In Japan, a Robot Works the Catwalk

By Rachel Cernansky | March 16, 2009 1:17 pm

humanoid-fashion-robot-2009.jpgShe introduced herself as “cybernetic human HRP-4C” at her first press conference, and charmed her audience just as any supermodel would. She smiled, struck seductive poses, and even made mistakes that her inventors attributed to nerves. Except that this head-turner is a fashion-bot, and she’ll make her catwalk debut in Tokyo on March 23.

The model-bot met a smaller crew of journalists this week at Japan’s National Institute of Advanced Industrial Science and Technology. They transmitted commands by Bluetooth and she acted accordingly, tapping into the 42 fashion-model-like movements that she’s been programmed to emulate. She gave the wrong facial expressions a couple times, but her inventors say that was because all the noisy cameras confused her sound recognition sensors.

Designed to resemble an average Japanese woman, the HRP-4C fashion-bot stands about five feet, two inches tall with black, shoulder-length hair. She cost two million dollars to develop, and will retail for about $200,000—not including the extra costs of her outer shell or, of course, her designer clothes. But she only weighs 95 pounds—and with a strict diet of batteries, she probably won’t be gaining much anytime soon.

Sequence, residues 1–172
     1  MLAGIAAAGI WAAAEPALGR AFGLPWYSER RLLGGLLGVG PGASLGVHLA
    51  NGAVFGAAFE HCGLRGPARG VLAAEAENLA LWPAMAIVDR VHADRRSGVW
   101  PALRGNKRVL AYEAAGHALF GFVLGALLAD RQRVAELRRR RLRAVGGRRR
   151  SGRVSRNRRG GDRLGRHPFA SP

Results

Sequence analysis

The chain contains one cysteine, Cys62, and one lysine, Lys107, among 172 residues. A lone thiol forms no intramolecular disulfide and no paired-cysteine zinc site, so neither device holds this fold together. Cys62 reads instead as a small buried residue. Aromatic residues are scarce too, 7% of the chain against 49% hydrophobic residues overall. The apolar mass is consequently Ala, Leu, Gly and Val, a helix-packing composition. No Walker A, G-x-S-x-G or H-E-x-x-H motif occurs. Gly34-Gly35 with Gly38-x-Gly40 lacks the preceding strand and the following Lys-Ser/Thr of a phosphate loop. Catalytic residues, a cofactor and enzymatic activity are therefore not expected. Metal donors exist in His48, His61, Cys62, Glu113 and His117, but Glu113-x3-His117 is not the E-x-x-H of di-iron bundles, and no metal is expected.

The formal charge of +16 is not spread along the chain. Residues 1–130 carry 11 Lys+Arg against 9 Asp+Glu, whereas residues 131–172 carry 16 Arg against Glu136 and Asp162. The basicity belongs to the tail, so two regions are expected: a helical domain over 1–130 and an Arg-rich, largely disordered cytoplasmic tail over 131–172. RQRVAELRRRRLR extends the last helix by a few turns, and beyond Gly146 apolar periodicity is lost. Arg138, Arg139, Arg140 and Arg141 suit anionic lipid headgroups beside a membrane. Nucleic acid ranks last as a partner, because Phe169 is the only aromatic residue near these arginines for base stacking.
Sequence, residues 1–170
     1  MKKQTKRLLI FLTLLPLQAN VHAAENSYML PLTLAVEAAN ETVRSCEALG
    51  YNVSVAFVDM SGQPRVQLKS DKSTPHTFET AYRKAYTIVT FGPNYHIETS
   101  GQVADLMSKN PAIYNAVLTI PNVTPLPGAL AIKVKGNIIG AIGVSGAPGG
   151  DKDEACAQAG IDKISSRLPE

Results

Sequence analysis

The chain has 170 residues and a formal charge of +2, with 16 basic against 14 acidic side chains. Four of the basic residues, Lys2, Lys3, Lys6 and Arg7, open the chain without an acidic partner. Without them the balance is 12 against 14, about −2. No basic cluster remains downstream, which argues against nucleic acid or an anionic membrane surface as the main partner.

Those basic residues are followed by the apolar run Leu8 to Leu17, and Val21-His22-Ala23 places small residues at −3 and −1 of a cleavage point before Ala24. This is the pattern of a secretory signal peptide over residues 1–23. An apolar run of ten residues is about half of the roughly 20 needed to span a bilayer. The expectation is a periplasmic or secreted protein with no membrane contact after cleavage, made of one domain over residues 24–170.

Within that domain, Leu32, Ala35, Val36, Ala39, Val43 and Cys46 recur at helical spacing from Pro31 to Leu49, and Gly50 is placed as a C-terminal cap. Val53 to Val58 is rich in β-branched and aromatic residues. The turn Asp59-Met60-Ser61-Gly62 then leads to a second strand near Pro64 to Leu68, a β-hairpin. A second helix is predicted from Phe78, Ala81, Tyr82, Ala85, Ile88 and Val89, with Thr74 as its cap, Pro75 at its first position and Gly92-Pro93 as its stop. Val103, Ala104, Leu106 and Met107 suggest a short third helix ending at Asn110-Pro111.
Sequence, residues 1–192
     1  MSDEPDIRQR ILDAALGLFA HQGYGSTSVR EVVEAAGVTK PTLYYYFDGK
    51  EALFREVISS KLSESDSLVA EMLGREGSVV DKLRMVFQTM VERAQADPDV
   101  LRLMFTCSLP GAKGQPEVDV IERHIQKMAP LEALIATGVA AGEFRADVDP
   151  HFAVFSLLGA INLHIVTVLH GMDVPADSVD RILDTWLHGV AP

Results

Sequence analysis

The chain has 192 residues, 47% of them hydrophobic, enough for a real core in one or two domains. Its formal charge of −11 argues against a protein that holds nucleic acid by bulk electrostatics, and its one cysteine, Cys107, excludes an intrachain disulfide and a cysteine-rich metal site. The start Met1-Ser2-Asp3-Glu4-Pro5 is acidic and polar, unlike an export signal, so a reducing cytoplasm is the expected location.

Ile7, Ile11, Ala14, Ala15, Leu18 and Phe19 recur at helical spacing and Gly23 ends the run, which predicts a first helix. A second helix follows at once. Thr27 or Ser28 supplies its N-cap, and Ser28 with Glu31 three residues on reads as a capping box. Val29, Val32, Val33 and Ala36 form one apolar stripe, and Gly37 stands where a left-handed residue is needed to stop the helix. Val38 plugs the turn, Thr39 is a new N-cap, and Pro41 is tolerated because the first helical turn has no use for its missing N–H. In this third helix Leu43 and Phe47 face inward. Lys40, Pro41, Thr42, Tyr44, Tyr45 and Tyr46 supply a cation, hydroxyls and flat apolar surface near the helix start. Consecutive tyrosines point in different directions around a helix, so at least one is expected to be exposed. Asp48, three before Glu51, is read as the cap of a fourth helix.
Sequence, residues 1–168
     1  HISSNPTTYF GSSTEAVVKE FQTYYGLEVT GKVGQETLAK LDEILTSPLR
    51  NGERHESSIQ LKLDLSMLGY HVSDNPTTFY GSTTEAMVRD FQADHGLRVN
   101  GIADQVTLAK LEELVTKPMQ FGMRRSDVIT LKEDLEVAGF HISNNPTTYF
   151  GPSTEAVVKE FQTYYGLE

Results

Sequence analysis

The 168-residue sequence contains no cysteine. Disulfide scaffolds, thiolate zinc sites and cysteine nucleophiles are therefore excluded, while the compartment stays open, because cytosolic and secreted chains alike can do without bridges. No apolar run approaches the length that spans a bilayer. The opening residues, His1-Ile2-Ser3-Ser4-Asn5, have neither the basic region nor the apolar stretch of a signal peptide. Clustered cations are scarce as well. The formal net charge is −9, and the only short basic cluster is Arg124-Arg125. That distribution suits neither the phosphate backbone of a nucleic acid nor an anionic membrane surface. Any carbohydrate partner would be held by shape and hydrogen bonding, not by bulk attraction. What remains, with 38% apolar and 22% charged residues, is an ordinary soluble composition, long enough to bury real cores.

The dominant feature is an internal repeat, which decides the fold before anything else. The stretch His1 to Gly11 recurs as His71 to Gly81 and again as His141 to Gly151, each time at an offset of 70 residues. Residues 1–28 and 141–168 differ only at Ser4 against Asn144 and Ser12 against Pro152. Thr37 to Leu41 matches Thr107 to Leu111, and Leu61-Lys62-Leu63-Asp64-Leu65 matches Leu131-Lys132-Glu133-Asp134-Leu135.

The lovely bot is currently for use in the entertainment industry only, and her designers say they intentionally stopped short of creating a perfectly human-like robot and aimed instead for a more anime style. But they do envision this as a step toward creating an entire humanoid industry. As for what they’re all used for…well some have already taken a guess.

Related Content:
80beats: What Are the Repercussions of Hiring a Robot to Care for Granny?
DISCOVER: 63. The First Robot That Walks Like a Human: Lazily
DISCOVER 4 Robots That Are Saving the World


CATEGORIZED UNDER: Technology Attacks!
MORE ABOUT: fashion, robots

Discover's Newsletter

Sign up to get the latest science news delivered weekly right to your inbox!


Quirky, funny, and surprising science news from the edge of the known universe.

See More

Collapse bottom bar